Nevada Senate Bill 398 was recently signed by the State Governor, and officially passed into law on Monday. The bill establishes various provisions relating to the use of blockchain technology, and makes the Silver State the third in the Union to recognize the immutability of blockchains.
The new law defines terms related to the use of blockchain technology and prohibits local governments from taxing, licensing and imposing other requirements on its use. Several provisions concern the use of a blockchain in contracts.
"If a law requires a record to be in writing, submission of a blockchain which electronically contains the record satisfies the law.”
- Nevada Senate Bill 398
The bill was introduced to the Senate in Carson City on March 20, and sponsored by Republican Senator Ben Kieckhefer. While the legislation has been amended twice, it passed the vote 41 to 0.
Kieckhefer states that the bill will help ensure the State keeps pace with technological advancements, “and provide a legal framework for people using a blockchain to not do so in a legal gray area.”
“Senate Bill 398 is an offshoot of several efforts I worked on in the 2015-2016 Interim to ensure Nevada has an environment welcoming and inclusive of startups,” the State Senator from District 16 adds. “Entrepreneurs have been working on a package of legislation to ensure that, instead of just incentivizing large companies to relocate to the State, we have policies incentivizing them and smaller companies to start and grow here.”
“Local governments cannot impose taxes, fees or other requirements relating to the use of blockchain or smart contracts. Governments also cannot require a license or permit to use those methods.”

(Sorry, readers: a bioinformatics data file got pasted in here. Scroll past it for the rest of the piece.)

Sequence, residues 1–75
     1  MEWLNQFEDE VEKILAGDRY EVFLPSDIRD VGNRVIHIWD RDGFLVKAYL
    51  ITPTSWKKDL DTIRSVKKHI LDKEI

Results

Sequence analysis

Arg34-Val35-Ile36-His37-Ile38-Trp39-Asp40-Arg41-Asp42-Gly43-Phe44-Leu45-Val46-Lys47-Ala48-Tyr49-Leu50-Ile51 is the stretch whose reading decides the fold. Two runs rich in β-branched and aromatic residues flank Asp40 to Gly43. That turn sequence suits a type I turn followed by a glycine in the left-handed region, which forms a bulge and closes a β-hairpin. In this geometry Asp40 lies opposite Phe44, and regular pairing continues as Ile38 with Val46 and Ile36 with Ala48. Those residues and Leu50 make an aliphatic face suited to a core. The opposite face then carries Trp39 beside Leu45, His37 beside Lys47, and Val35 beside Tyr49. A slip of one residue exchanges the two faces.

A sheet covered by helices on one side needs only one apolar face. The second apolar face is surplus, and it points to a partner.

- Senator Ben Kieckhefer
The bill defines a blockchain as “an electronic record created by the use of a decentralized method by multiple parties to verify and store a digital record of transactions which is secured by the use of a cryptographic hash of previous transaction information.”
Smart contracts are also defined as an electronic record, verified by the use of a blockchain: “A smart contract, record or signature may not be denied legal effect or enforceability solely because a blockchain was used to create, store or verify the smart contract, record or signature.”
Existing law gives legal recognition to electronic records. The term now includes, without limitation, a blockchain. The definition also provides the use of a blockchain with various protections from local governments.
The bill further clarifies that: “A local governmental entity shall not: (a) Impose any tax or fee on the use of a blockchain or smart contract by any person or entity; (b) Require any person or entity to obtain from the local governmental entity any certificate, license or permit to use a blockchain or smart contract; or (c) Impose any other requirement relating to the use of a blockchain or smart contract by any person or entity.”
Electronic signatures stored on a blockchain are specifically protected. “If a law requires a signature, submission of a blockchain which electronically contains the signature or verifies the intent of a person to provide the signature satisfies the law,” the bill decrees.
“Nothing in this section prohibits a local governmental entity from using a blockchain or smart contract in the performance of its powers or duties in a manner not inconsistent with the provisions of this chapter.”
- Nevada Senate Bill 398, Sec. 13
Two other US states have recognized blockchains as an appropriate data store, and at least seven US States have legislation relating to blockchains. The most similar bill is from nearby Arizona, which passed House Bill 2417 into law at the end of March.
Arizona’s law defines blockchain technology and encourages it for public use, declaring that all data tied to a blockchain is "considered to be in an electronic format and to be an electronic record," which is acceptable for use by the state. It stops short of mentioning any restrictions on taxes or licensing, however.
The definition for a blockchain is quite different, however. "’Blockchain technology’ means distributed ledger technology that uses a distributed, decentralized, shared and replicated ledger, which may be public or private, permissioned or permissionless, or driven by tokenized crypto economics or tokenless," it reads. "The data on the ledger is protected with cryptography, is immutable and auditable and provides an uncensored truth.”
While Hawaii, Maine, and the US Congress all have pending legislation for various other blockchain programs and investigative initiatives, Vermont is the only other state to declare blockchain data appropriate for legal use in 2017.